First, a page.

It is perhaps the most basic divide among living things — male/female, boy/girl, men/women. We often look at each other with puzzlement; remember Freud’s famous question, “What do women want?” (Never mind that he went on to conclude that women want to be men.) All too often, explanations of gender or sex differences are oversimplified. Not only is the devil in the details, those details are absolutely necessary if we want to speak intelligently about this issue that continues to fascinate us.
Dr. Donald Pfaff, professor and head of the laboratory of neurobiology and behavior at The Rockefeller University in New York, begins with an explicit goal of giving us the most up-to-date, jargon-free story of genetic, hormonal, neural, and social factors underlying differences between males and females. The differences he explores are not only behaviors, but also abilities, desires, and diseases. It’s an extremely complex story he tells, and he mostly succeeds with his jargon-free storytelling. What a fascinating story it is.
With a chapter title echoing one of Raymond Carver’s best short story collections, the introductory chapter provides a careful outline of what scientists fight about when they fight about sex. It provides a great introduction to the book, because the reader gets a very real sense of the author, with his clear passion for the material, his insight and knowledge, and his charming voice. I penned a smile in the margin when he wrote “Males will be aggressive toward other males…..Females will be amazing as they….”. By the end of this chapter, I was hooked.
Chapters 2 (Chromosomes for Him and Her), 3 (Hormones on the Brain), and 4 (Neonatal Hormones, Brain Structure, and Brain Chemistry) cover material that may require you to call upon your biology courses from high school or college, and they may slow you down if you aren’t a professional scientist. It would be a mistake to put down the book! Persist, reader, and take your time through these chapters because you will learn about some truly fascinating processes. You’ll also learn a lot about the nature of scientific inquiry, which Pfaff interweaves throughout the book in a lovely way. At the next party you attend, you may not want to toss off “Did you know another gene that showed up in Jessica Mong’s experiments as sexually differentiated during the neonatal critical period codes for an enzyme called prostaglandin D synthase (PGDS)?” But you may want to share the story surrounding GnRH (Gonadotropin Releasing Hormone). GnRH neurons control all of reproduction, but they are not born in the brain, as all other neurons are. Instead, GnRH neurons are born on the surface of the olfactory pit – in our nose! – and migrate up the nose, along the bottom of the brain, and then turn into the hypothalamus. As Pfaff humorously notes, this is true from “fish to philosopher,” and from “mouse to Madonna.”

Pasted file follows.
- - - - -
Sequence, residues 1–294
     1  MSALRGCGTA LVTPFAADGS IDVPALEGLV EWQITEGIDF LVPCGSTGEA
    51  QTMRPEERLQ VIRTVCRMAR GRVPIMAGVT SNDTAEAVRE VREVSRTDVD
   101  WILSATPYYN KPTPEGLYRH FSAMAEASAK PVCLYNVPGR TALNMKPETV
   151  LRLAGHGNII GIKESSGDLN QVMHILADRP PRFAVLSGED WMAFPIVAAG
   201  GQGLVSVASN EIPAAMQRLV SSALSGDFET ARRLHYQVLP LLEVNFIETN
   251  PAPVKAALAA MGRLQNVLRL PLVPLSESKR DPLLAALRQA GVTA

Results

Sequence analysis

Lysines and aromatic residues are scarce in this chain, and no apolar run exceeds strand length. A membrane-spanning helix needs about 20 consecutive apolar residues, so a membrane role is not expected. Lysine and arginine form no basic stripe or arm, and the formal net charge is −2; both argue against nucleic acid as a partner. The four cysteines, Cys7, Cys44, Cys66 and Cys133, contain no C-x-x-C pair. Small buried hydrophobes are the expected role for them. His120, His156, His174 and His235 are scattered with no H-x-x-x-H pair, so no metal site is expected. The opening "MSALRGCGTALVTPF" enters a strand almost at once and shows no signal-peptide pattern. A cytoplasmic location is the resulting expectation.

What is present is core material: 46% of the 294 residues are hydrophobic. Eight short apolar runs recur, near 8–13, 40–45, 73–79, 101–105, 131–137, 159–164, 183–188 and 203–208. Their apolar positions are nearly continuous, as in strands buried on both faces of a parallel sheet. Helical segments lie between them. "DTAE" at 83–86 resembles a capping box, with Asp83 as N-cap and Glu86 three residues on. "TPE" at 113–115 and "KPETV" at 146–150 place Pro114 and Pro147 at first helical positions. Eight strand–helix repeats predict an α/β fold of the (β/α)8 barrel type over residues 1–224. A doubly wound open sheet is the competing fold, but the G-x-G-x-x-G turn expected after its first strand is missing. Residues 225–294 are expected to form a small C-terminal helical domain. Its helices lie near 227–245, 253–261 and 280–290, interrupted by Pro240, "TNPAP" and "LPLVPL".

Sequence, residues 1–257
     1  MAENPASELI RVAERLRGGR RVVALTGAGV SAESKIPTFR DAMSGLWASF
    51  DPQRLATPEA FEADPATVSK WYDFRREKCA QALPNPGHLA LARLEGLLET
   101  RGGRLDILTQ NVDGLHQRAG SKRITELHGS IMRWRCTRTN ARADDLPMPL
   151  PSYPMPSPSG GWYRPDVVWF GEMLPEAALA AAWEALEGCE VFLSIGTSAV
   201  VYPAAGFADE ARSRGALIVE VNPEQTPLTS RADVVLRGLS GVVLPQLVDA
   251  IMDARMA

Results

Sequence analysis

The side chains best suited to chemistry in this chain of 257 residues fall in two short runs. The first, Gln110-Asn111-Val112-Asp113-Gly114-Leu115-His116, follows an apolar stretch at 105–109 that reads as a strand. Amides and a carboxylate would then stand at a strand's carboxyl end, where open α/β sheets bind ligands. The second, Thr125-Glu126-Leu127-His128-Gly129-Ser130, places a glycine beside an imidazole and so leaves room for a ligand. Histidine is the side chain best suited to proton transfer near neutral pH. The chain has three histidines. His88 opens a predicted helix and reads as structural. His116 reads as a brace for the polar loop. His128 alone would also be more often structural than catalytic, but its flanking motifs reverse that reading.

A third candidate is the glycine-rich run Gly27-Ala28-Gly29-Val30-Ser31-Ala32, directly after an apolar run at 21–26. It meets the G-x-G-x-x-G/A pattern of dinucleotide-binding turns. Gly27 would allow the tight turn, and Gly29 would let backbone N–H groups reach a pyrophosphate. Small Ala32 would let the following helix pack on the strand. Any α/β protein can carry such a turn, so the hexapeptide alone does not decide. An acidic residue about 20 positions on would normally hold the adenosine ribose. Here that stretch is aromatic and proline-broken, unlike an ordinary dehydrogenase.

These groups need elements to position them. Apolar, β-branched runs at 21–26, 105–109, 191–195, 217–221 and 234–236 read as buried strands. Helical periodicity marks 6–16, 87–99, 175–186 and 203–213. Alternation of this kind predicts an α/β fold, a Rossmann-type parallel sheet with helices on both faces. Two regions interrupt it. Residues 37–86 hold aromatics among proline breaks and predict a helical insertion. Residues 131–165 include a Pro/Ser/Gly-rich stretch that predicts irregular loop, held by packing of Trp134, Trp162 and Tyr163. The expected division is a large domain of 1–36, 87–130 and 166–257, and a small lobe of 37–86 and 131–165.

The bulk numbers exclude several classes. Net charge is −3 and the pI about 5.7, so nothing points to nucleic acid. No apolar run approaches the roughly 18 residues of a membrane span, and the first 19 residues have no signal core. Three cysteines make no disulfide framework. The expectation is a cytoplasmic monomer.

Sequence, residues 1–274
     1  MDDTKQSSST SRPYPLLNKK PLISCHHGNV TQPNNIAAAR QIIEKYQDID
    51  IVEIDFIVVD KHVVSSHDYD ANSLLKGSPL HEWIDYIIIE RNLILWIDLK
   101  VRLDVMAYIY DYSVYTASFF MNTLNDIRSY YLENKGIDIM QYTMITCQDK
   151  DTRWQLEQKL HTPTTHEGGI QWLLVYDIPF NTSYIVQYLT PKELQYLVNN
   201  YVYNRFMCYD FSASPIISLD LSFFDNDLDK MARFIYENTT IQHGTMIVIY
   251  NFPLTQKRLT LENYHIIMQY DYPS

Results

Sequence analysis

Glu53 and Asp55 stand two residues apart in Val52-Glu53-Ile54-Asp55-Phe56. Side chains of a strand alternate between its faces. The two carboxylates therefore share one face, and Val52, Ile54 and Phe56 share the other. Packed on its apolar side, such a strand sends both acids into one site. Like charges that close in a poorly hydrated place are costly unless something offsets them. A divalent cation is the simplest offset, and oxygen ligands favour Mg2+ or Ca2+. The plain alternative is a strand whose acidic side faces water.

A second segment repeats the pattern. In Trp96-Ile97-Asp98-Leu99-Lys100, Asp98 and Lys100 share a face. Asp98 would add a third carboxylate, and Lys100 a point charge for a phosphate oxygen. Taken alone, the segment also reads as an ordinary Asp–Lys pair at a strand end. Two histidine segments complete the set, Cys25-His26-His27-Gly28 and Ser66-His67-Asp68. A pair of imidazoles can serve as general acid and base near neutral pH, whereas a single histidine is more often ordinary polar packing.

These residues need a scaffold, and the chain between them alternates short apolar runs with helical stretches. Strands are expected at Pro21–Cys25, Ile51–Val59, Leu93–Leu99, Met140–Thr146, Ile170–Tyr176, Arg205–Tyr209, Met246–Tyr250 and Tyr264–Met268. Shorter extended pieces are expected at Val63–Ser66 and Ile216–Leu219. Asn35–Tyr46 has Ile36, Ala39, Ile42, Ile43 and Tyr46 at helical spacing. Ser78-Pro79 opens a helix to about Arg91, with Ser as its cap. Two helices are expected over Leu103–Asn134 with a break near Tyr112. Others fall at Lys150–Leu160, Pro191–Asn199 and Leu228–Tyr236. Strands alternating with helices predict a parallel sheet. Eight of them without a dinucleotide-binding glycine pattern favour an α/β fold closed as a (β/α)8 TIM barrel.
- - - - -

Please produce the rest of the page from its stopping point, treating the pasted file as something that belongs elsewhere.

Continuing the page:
You can read the slightly dense material in these chapters in three ways: 1) you can simply read it for the story, without stopping to struggle through some of the more complicated details; 2) you can read slowly and carefully, and remember what you learned in Bio 101, and understand the details; or 3) you can already be a scientist. At any rate, Pfaff concludes each chapter with a brief section titled The Story So Far, so every reader can hang on to the road map and come away with the most important information.
The remaining chapters address mating and parenting; males fighting; females befriending (males, too); pain and suffering; the perilous times, newly born and adolescence; and sex gone wrong. Through these chapters, Pfaff continues to draw out a subtle and complex story of sex differences, maintaining his tight focus on genetic, hormonal, neural, and social factors without resorting to broad claims that cannot be supported by the data he presents. In discussing sex differences in pain, for example, Pfaff quotes Dr. Karen Berkeley: “the burden of pain is greater, more varied, and more variable for women than men.” He goes on to explore a range of mechanisms underlying this difference, some of which may be surprising. Lower blood pressure is associated with greater sensitivity to pain, and women typically have lower blood pressure than men. Uterine disorders can radiate pain widely to muscles. He outlines a fairly complicated story relating to women’s hormones, and concludes that the best pain medicines are likely to be different for men and women.
The concluding chapter, “Bottom Line,” could make an enticing addition to any gender studies course packet. While bringing together some of the material presented throughout the book, Pfaff covers brain sex and gender identity, gender role assignment, cognitive differences and intellectual overlap (calling out Larry Summers at Harvard), male and female personalities and mating strategies around the world, and sexual preference. This chapter does not present a summary of the book; it is less about retelling the story than it is about moving carefully outward, to the issues that we currently discuss and debate.
This is an absolutely fascinating book, written in an engaging style wherever possible. Dr. Pfaff does not ‘dumb down’ the material; even though it is presented with a minimum of jargon, some of the material may be difficult to follow without focused attention. Because this somewhat difficult material is necessarily presented at the front of the book, to provide a foundation for all that follows, some readers may become discouraged and miss a great opportunity to listen to this leading scientist tell an intricate and constantly expanding story.
Man and Woman: An Inside Story
By Donald W. Pfaff, PhD
Oxford University Press: October 2010
Hardback, 232 pages